Recently while presenting to a local ATD group, I asked the attendees if they felt measuring learning was an important part of professional practice. All 50 learning professionals in attendance raised their hand. Next I asked, “How many of you conduct learning measurement at your company?” Only half the attendees raised their hand.
That result immediately revealed one thing: We believe measurement is important, but we don’t do it. Hmm.
I asked the group that conducted measurement to raise their hands again because I wanted to see what they gained from their measurement programs. I asked them to keep their hands raised until they heard a result they did not get from their measurement program. My questions covered 10 benefits that I know the ROI by Design model provides. This is how it went:
Question 1: Do your measurement methods allow you to confirm alignment between your learning programs and organizational needs? One hand went down.
Question 2: Does your measurement tell you which objectives were achieved, and which ones were not? A few more hands went down.
Question 3: Does your measurement tell you which objectives participants applied on the job? Again, a few more hands went down.
Question 4: Does your measurement tell you what participants knew prior to learning? And again, even more hands went down.
Question 5: Does your measurement tell you which of your design decisions were successful and which were not? Now only three raised hands remained.
Question 6: Does your measurement provide you with the information necessary to repair poor design decisions? The three raised hands remained.
Question 7: Does your measurement provide you the number of skills you added to the organization? Still, three raised hands remained.
Question 8: Does your measurement provide you the type of skills you added to the organization? Now two hands went down, leaving only one hand raised.
Question 9: Does your measurement tell you which department managers supported/reinforced training back on the job? Still one hand raised.
Question 10: Does your measurement tell you which organizational metrics were targeted or changed by your learning program? At the end of my tenth question, this one person still had her hand raised.
I asked her what measurement model or process she used. She told me she was a consultant and used a variety of methods.
Why I Asked These Questions
While I decided to do this exercise at the last minute, I often address groups about measurement and to explain the ROI by Design measurement model. I was tired of the “this is what we do” speech and wanted a more pleasurable way to convey the messages. This seemed like a new way to engage the audience and make the message real and interesting for them.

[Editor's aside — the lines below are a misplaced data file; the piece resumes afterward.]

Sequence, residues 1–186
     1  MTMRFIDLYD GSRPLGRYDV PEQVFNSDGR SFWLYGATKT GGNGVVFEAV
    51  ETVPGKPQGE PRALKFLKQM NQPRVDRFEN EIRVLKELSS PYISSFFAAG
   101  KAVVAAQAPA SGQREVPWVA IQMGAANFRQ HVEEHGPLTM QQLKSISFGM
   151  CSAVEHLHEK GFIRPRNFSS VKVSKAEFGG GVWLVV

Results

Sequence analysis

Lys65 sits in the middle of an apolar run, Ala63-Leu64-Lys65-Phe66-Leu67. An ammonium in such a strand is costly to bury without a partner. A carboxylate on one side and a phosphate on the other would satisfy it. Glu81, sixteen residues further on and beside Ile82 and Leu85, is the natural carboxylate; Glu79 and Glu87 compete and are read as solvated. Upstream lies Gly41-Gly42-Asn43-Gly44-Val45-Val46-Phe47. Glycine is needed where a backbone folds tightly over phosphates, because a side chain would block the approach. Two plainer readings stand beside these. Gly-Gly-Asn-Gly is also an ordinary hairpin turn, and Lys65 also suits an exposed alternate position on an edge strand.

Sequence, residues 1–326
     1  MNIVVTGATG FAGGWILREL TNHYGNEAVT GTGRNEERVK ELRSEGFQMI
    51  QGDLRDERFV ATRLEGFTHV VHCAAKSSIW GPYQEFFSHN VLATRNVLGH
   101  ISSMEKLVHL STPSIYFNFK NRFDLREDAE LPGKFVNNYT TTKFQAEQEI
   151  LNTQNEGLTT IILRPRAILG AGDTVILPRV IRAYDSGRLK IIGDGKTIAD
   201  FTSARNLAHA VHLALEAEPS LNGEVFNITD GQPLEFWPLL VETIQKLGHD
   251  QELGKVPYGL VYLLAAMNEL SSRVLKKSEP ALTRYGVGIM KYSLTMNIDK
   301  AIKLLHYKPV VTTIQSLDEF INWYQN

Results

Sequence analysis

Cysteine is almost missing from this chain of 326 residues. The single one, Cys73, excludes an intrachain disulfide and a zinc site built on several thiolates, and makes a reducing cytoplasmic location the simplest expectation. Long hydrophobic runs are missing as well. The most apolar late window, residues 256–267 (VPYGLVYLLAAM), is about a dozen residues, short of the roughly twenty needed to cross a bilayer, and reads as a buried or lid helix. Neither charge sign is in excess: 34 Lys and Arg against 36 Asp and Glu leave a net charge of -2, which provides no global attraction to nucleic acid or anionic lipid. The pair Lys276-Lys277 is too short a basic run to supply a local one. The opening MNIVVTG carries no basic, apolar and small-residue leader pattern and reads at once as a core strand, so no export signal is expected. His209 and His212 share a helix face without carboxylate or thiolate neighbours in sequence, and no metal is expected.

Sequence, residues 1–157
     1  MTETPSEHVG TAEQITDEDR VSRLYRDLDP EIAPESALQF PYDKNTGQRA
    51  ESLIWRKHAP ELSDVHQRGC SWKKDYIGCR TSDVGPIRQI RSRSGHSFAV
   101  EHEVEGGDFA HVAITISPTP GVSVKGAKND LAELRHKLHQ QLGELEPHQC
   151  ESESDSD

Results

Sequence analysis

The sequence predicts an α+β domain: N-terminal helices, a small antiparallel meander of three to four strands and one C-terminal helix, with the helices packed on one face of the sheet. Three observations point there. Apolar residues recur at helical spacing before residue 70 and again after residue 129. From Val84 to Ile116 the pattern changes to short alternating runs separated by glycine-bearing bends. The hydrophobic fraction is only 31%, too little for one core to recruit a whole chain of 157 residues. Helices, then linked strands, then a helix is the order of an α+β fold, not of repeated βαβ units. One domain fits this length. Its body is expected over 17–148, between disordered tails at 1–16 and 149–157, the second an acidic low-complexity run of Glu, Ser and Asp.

I believe this worked because participation was high, but I also think the message homed in more for me than the attendees.
I spend every day helping organizations design measurable programs, evaluate learning results, and convey the impact learning programs have on their organization. Daily I see how failure to understand cause and effect affects learning. I witness the frustration learning professionals feel when they think the poor measurement methods of the past are all that’s available. I watch the apathy set in as learning professionals fail to gain credibility from their lackluster measurement methods.
How Did Professionalism In Learning Take This Turn?
Even with all this experience, the responses from these 50 learning professionals shocked me.
How did things get this bad? How did learning professionals (who, by definition, want to help others) completely skip over the “how” we help others? Why have we focused our professionalism in learning on conveying information (having content and facilitation expertise)? Instead, why haven’t we focused on expertise in enabling learning through instructional design, instructional methods, and adult learning principles?
Why have we focused measurement on activities (number of courses developed/attended and how much learners interact with learning materials)? Why haven’t we instead focused on outcomes (competencies added and changes in job behavior)?
When I saw the complete disconnect between knowing measurement is important (as a means to ensure we are doing our job well) versus who actually conducted measurement, I was stunned.
Asking A Hard Question
It comes down to this: Do learning professionals really want to know if, or how, they make a difference to an organization?
Do learning professionals really care if they make a difference? Do they really want to know which methods of their practice work and which methods do not? Is getting better at helping people learn and grow their competencies their goal? Or, are they simply satisfied to provide content and engaging experiences?
It’s not about measurement. Measurement is a tool. Measurement shows what works and does not work. Instead, it is about gaining the information necessary to do your job well. It is about caring that you do your job well.
The absence of measurement practice and lack of rigorous measurement said a lot about the failure of professionalism in learning. I need to spend time considering the implications of this realization.
Am I missing something? Do you interpret these conditions that same way? I would love to hear your thoughts on the state of professionalism in learning.
If you do care about the level of professionalism in learning, and need a method of measurement that will enable you to improve your practice, please contact us here at eParamus.
Please follow eParamus on LinkedIn and feel free to connect with me, Laura Paramoure, PhD to discuss the learning challenges you face.
Photo copyright: michaeljayfoto / 123RF Stock Photo
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